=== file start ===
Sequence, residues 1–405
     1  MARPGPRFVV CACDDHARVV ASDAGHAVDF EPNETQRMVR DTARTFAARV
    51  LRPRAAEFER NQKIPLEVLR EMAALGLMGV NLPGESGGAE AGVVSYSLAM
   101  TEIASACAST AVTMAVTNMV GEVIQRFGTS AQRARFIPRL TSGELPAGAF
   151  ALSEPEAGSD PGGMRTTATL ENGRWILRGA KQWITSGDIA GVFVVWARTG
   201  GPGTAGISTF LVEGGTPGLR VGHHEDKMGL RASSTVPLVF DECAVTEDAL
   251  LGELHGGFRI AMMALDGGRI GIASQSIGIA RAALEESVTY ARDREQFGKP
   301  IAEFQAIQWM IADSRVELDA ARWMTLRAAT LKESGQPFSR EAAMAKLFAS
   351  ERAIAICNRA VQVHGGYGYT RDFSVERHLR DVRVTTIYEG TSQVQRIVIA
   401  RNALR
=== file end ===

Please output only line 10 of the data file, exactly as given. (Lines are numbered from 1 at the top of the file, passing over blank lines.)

   401  RNALR